Eleventh Circuit vacates sentence in criminal tax case based on impermissible grouping under the U.S. Sentencing Guidelines
On May 4, 2012, the U.S. Court of Appeals for the Eleventh Circuit vacated a sentence handed down by the U.S. District Court for the Middle District of Florida in United States of America, v. Register, case no. 11-12773.
The facts of the case are as follows:
The Defendant was the owner and operator of Criminal Research Bureau, Inc. (“CRB”), a provider of background-check services for employers. To manage the CRB payroll, the Defendant used a payroll processing company, PrimePay, that prepared employee paychecks and submitted the necessary quarterly paperwork to the IRS. The Defendant, in turn, was responsible for paying the withheld taxes over to the IRS. From the first quarter of 2003 through the fourth quarter of 2007, federal income taxes and Federal Insurance Contributions Act (“FICA”) taxes totaling $316,220 were withheld from the wages of CRB employees, yet the Defendant never remitted the
vast majority of those funds to the IRS.
In addition, the Defendant falsified his individual federal income tax returns during this period for tax years 2003 to 2006. In 2003 and 2004, the Defendant was not on the CRB payroll; instead, he paid his personal expenses directly from the company bank account. Initially, the Defendant filed no federal returns at all for these years. However, in order to qualify for a mortgage, the Defendant ultimately filed his 2003 and 2004 returns late. In doing so, the Defendant generated Form W-2s that falsely indicated that the Defendant had been paid wages and that federal taxes had been withheld. The Defendant then used those figures to complete his Form 1040s for both years, enabling him to fraudulently collect refunds of $4,444.50 for tax year 2003 and $7,479.13 for tax year 2004. In 2005 and 2006, the Defendant added himself to the CRB payroll as an employee with an annual salary of $234,000. Again, however, the Defendant falsified his Form 1040s to indicate that federal taxes had been withheld from his salary when in fact none had been withheld. As a result, the Defendant collected refunds of $6,689.12 for tax year 2005 and $10,780 for tax year 2006 when, in reality, he owed $45,098 and $40,905 for those tax years respectively.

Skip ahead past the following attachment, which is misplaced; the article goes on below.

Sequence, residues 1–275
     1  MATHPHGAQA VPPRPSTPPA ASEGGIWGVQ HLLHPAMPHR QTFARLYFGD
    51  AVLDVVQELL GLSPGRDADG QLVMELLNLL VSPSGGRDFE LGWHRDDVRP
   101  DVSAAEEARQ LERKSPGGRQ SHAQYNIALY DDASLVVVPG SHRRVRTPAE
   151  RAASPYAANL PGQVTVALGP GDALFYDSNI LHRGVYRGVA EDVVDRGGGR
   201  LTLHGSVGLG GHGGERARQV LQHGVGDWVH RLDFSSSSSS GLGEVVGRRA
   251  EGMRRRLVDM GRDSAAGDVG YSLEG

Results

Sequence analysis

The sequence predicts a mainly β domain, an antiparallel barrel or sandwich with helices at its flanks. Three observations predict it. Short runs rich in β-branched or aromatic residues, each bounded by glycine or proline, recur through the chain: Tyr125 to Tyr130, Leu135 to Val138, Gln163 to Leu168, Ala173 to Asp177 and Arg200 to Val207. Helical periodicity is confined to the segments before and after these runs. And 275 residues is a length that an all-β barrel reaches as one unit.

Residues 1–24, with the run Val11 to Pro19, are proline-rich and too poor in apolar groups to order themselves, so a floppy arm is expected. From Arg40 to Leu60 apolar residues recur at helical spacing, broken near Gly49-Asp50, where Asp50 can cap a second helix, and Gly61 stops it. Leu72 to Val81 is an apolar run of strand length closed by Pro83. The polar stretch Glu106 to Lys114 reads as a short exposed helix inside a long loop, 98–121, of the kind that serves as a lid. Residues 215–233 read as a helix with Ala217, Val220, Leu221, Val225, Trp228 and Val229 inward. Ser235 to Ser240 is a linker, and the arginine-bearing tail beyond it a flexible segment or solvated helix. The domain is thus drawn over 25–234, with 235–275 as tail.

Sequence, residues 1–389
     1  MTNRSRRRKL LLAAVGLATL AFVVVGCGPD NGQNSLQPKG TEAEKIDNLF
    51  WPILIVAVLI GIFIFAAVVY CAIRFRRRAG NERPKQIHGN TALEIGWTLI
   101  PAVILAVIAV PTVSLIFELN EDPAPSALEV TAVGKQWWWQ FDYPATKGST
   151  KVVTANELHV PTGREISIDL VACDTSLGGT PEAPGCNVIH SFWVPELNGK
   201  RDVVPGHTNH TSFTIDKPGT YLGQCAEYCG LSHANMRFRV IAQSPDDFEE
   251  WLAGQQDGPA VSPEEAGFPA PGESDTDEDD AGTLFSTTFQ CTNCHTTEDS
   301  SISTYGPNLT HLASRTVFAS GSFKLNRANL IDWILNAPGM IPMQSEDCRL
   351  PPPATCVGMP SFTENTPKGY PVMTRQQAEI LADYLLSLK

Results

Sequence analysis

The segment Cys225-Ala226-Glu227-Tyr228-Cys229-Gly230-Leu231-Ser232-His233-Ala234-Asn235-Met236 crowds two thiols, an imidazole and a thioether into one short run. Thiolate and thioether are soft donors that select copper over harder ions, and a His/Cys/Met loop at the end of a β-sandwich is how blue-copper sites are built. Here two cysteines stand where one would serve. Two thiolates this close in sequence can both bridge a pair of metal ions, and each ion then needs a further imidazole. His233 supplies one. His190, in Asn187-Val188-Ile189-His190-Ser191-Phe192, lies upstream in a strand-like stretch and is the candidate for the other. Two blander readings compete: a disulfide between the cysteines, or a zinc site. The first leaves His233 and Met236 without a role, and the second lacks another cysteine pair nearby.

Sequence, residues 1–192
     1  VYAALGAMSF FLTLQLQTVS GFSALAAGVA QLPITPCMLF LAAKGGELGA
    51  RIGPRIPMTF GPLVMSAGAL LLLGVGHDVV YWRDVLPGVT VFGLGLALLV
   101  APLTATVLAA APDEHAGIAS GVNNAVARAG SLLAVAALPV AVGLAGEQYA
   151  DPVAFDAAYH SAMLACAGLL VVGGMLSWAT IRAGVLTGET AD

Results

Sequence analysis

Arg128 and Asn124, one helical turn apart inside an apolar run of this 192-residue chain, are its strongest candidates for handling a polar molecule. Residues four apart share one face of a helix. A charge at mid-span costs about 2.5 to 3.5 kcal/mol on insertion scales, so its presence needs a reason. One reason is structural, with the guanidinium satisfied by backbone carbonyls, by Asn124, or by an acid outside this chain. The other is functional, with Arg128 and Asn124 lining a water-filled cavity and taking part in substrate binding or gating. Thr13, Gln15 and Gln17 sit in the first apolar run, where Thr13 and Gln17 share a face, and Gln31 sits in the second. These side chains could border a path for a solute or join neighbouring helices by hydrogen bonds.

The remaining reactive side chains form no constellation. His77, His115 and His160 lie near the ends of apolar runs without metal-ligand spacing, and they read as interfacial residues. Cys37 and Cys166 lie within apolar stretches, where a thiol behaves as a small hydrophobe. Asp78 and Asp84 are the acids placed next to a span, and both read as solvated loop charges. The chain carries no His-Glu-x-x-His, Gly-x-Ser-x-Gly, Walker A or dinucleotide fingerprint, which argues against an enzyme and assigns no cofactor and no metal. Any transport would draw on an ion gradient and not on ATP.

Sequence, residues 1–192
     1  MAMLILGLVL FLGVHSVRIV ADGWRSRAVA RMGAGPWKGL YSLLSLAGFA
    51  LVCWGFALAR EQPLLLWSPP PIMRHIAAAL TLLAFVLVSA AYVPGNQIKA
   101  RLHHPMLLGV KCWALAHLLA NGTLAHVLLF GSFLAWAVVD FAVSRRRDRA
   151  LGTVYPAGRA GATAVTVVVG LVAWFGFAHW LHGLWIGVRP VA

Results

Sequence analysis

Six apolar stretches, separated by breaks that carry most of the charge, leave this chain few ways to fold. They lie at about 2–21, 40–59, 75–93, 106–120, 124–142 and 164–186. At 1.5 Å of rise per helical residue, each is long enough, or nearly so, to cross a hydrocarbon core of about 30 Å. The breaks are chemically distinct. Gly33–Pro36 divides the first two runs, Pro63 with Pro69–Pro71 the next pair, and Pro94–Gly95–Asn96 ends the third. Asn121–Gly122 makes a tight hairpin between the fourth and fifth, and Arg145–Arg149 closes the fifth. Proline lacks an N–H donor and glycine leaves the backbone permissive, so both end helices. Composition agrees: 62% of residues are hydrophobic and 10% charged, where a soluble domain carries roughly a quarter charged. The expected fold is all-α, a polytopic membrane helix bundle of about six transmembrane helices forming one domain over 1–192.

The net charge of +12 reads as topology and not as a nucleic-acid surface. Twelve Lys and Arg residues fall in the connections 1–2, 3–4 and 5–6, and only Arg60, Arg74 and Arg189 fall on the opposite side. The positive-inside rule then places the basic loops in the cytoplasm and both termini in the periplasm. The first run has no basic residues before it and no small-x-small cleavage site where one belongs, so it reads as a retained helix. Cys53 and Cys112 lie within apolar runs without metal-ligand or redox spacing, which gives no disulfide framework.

On December 8, 2010, Mr. Register was indicted on thirteen counts of willful failure to pay over taxes in violation of 26 U.S.C. § 7202, available here. Each count charged that federal income taxes and FICA taxes had been withheld from the wages of CRB employees during a particular quarter but were never paid over to the IRS. The thirteen failure-to-pay-over counts in the indictment covered the period from the fourth quarter of 2004 through the fourth quarter of 2007.
The Defendant was also indicted on four counts of filing false individual federal income tax returns in violation of 26 U.S.C. § 7206(1), available here. Each count charged that the Defendant had falsely stated on his return for a particular year that federal income tax had been withheld when, in fact, he knew that it had not. The four filing-false-returns counts in the indictment covered the 2003 through 2006 tax years.
The Defendant pleaded guilty to seventeen counts of tax-related offenses. The first thirteen concerned his failure to pay over to the IRS federal taxes that had been withheld from the wages of his companys employees. The remaining four concerned the falsification of his individual federal income tax returns. After accepting his plea and holding a sentencing hearing, the district court sentenced him to twenty-seven months in prison. On appeal, the Defendant challenged the district courts calculation of the applicable guideline range under the United States Sentencing Guidelines Manual (“Guidelines” or “U.S.S.G.”). Specifically, he argued that the district court erred by refusing to group all of his counts into a single group pursuant to U.S.S.G. § 3D1.2(b) or (d), available here, as “counts involving substantially the same harm.”
At the sentencing hearing on May 31, 2011, the Defendant and the United States again agreed that all of the counts should be grouped for sentencing. The district court, however, disagreed with both parties and sided with the probation officer. The district court rejected the argument that the counts should all be grouped together under U.S.S.G. § 3D1.2(b), because they did not involve the same criminal objective or the same victim. And the district court rejected the alternative argument that the counts should all be grouped together under U.S.S.G. § 3D1.2(d), because it “seem[ed] unusual” to aggregate the losses for two different offenses merely because the offense level for each is determined largely on the basis of the total amount of loss.